A peculiar ping-pong ball lottery—think: the NBA draft, only required by federal law—on Tuesday dimmed the fate of the Biden Administration’s new mandate governing COVID-19 vaccine requirements for large employers.
The Occupational Safety and Health Administration (OSHA) issued the emergency rule on Nov. 4 and it was almost immediately challenged. More than two dozen Republican-led states, as well as companies, business groups, unions, and religious organizations filed nearly three dozen lawsuits challenging the mandate. While the majority of the lawsuits argued that the government had overstepped its authority, some made the case that the rule didn’t go far enough to protect workers.
In a bad sign for Biden’s mandate, the lottery consolidated all these cases under the Sixth Circuit Court of Appeals, where a majority of the justices have been appointed by Republican presidents. While justices do not necessarily rule along party lines, the judiciary has become increasingly partisan in recent years. Former President Donald Trump appointed a record number of appellate judges during his time in office, with his picks now making up 30% of active appeals court judges. This expanded the conservative majorities of several circuit courts, including the Sixth Circuit, effectively reshaping the judiciary at the highest level below the Supreme Court.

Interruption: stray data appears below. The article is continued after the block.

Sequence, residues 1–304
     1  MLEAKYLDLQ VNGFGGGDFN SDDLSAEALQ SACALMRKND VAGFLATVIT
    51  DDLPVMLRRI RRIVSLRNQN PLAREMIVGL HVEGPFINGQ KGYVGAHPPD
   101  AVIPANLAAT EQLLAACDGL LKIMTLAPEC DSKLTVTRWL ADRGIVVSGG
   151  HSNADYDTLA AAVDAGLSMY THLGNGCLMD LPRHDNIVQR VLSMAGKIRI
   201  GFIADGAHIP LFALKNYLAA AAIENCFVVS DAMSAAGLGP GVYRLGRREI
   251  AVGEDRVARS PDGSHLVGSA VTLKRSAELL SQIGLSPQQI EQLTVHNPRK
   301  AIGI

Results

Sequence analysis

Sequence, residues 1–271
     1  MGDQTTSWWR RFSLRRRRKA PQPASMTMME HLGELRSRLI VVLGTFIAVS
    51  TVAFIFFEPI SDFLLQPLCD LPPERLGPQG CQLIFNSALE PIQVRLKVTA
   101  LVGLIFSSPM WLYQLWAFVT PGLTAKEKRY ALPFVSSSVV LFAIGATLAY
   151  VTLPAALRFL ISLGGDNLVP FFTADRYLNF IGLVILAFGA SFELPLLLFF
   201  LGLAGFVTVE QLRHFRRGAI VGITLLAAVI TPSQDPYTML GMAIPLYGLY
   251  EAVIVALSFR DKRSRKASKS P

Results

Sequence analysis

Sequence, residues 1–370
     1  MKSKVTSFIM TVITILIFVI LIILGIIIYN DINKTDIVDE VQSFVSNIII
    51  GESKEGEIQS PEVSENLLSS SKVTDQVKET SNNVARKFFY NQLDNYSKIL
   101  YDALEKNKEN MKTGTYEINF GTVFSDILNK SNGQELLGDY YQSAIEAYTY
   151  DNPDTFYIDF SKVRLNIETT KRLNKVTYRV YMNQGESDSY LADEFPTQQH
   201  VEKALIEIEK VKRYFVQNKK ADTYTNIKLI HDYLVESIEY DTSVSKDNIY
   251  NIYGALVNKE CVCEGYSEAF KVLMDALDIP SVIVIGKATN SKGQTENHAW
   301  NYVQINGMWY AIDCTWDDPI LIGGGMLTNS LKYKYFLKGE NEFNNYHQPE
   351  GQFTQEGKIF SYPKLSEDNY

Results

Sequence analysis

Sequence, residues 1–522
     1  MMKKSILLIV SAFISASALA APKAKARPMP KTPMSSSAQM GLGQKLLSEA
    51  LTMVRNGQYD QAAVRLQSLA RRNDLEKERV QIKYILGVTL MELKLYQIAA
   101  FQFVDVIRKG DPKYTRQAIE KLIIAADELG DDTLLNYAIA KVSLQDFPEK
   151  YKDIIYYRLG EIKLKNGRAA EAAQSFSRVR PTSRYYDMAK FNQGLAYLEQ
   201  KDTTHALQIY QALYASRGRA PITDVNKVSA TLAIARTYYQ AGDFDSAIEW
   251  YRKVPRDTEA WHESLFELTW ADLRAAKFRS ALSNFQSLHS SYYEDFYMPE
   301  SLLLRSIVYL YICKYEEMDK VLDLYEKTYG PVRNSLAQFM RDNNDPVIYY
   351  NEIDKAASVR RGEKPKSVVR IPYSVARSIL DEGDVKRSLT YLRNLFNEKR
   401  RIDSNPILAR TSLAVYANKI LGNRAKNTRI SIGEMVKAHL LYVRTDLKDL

The Fifth Circuit, a right-leaning appeals court, already put the OSHA vaccine mandate on hold last week. Now all the cases will be transferred to the Sixth Circuit, which will hear consolidated arguments anew. A panel of three appeals court judges still has to be chosen, and it could include liberals, but legal experts noted that the Sixth Circuit has more than twice as many judges appointed by Republicans as those appointed by Democrats.
A drum full of ping-pong balls
The ping-pong lottery was organized by the clerk at the Judicial Panel on Multidistrict Litigation in Washington, D.C. Federal law requires that the lottery is used when multiple lawsuits challenging a federal agency’s actions are filed in separate courts, says Sean Marotta, a lawyer at Hogan Lovells, who has studied the system. Originally, the agency in question chose the circuit that would hear the consolidated cases, and then the rules allowed whoever filed their petition first to choose the circuit. But in order to avoid questions of bias or races to the courthouse, Congress replaced these with a random lottery system in 1988.